New Six-Core Intel Xeon Chips Sign Up for VM Duty
Intel's new Xeon 7400 series of 45 nanometer chips are optimized for virtualized environments, where a single physical server might be hosting multiple virtual machines. The 7400 series features the company's Virtualization Technology FlexMigration, which allows enterprises to standardize their virtual infrastructures.
Sep 16, 2008 3:05 PM PT
Intel launched its latest series of chips in the Xeon branded line of server processors Monday. The Xeon Processor 7400 series includes seven 45 nanometer (nm) chips sporting up to six processing cores per chip and 16 MB of shared cache memory.
The new six-core Xeons, aimed at mid-sized to large businesses, are optimized to run applications built for virtualized environments and data-hogging workloads such as databases, business intelligence, enterprise resource planning and server consolidation, Intel said.
"The six-core Xeons are one step along the way to more powerful multicore processors. Because they have more cores, capable of running more independent processes, they are better for virtualized environments than processors with fewer cores," Roger Kay, president of Endpoint Technologies Associates, told TechNewsWorld.
Six Cores and Counting
With the Xeon 7400 processors inside, platforms can scale up to 16 processor sockets, delivering servers with up to 96 processing cores inside, according to Intel. This provides increased scalability, computing threads and memory resources as well as greater reliability for data centers.
"This scales a lot farther than any of the existing server processors in Intel's existing family. Up until now, to scale, you had to go to multiple sockets. That is a little more complicated and a little more costly to do. Any time you can add more horsepower in general is a benefit, especially when you think about the virtualized environment, because the virtualization process chews up horsepower," explained Ian Lao, an analyst at In-Stat.
Based on Intel's 45nm high-k process technology and transistors using a Hafnium-based, high-k metal gate formula, the 7400 series provide enhanced performance while consuming less power. In some instances, the chips offer a 50 percent performance boost and as much as a 10 percent reduction in platform power, Intel said.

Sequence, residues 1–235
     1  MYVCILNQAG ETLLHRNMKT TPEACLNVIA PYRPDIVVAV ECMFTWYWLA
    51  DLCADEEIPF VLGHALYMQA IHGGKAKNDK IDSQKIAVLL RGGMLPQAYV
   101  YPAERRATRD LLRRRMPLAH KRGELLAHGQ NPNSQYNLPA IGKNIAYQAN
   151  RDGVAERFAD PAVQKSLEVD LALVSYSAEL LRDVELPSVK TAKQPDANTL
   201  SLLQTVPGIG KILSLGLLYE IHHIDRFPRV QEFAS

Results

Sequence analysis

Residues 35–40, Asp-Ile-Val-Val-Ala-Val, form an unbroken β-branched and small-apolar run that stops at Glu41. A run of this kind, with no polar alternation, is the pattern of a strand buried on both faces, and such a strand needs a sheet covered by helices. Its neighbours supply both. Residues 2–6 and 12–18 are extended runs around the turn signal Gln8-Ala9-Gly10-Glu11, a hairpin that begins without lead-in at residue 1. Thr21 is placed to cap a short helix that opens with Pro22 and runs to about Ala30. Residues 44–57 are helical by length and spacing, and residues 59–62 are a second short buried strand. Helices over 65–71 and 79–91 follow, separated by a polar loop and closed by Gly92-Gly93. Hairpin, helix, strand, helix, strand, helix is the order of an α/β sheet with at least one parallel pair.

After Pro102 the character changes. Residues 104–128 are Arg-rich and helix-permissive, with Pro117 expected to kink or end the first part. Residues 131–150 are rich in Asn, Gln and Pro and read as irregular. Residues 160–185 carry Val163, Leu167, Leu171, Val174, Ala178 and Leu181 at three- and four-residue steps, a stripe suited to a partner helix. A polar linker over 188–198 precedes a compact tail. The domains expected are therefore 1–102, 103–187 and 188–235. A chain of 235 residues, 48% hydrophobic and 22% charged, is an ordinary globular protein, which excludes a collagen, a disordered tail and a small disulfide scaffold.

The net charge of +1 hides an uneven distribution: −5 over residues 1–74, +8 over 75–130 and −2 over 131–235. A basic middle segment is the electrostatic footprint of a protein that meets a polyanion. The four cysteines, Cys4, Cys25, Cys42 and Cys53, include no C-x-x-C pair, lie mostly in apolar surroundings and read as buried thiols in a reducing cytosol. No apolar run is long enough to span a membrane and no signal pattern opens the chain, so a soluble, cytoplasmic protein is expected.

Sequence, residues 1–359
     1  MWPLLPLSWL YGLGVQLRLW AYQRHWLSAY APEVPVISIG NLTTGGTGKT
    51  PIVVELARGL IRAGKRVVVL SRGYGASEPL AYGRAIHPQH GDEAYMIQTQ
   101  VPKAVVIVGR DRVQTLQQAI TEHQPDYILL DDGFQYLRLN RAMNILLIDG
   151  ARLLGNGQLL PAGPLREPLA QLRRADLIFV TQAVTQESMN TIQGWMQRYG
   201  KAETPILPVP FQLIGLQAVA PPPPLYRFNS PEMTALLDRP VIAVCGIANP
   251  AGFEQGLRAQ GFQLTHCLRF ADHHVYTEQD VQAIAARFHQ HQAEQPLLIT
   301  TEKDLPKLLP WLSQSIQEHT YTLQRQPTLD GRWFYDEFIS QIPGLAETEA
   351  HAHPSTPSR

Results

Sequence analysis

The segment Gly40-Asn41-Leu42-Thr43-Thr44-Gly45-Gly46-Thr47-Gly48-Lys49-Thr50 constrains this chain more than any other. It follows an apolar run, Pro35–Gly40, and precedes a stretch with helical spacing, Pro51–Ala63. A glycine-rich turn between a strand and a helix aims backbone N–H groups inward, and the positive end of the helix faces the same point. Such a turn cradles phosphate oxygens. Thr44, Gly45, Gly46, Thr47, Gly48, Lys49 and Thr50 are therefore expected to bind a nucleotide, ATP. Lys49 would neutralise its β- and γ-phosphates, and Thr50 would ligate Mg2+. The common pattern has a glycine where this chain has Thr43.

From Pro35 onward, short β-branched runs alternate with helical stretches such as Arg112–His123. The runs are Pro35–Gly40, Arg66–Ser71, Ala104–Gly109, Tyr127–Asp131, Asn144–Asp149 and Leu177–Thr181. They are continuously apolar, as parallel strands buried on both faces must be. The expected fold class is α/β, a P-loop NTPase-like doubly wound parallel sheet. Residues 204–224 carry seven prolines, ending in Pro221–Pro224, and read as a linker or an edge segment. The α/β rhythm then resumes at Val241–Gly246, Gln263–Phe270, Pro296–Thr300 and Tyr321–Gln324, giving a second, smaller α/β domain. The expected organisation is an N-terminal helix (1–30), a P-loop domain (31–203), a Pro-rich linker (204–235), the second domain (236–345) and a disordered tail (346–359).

"45 nm is good because you know have the thermal and power management capabilities on that node. When you have a smaller process node, you can run the part at a lower voltage and clock it faster," Lao told TechNewsWorld.
The 45 nm factor is a big benefit because IT administrators will no longer have to use "big, beefy power supplies -- instead they can use mid-range power supplies," Lao continued.
Virtual Welcoming Party
The 7400 series features the company's Virtualization Technology FlexMigration, which allows enterprises to standardize their virtual infrastructures by enabling virtual machine migration from previous-, present- and future-generation Core microarchitecture-based platforms, Intel said.
That functionality in intended to provide investment protection for administrators looking to establish pools of virtualized systems and use them to facilitate disaster recovery, load balancing and optimizing tasks for server maintenance and downtime, the company continued.
The chips fit well into virtualized scenarios, said Gary Chen, principal analyst at McChen Research.
"Like most processor advancements, it's all about faster, more cores, more cache. I think the big feature, though, is the FlexMigration. This will really enable enterprises to open up their VM migration," he told TechNewsWorld.
"This eliminates a lot of that restrictiveness. The next big thing for Intel will be extended page table support, which will specifically boost [virtual machine] performance. That will be part of the Nahalem release," he added.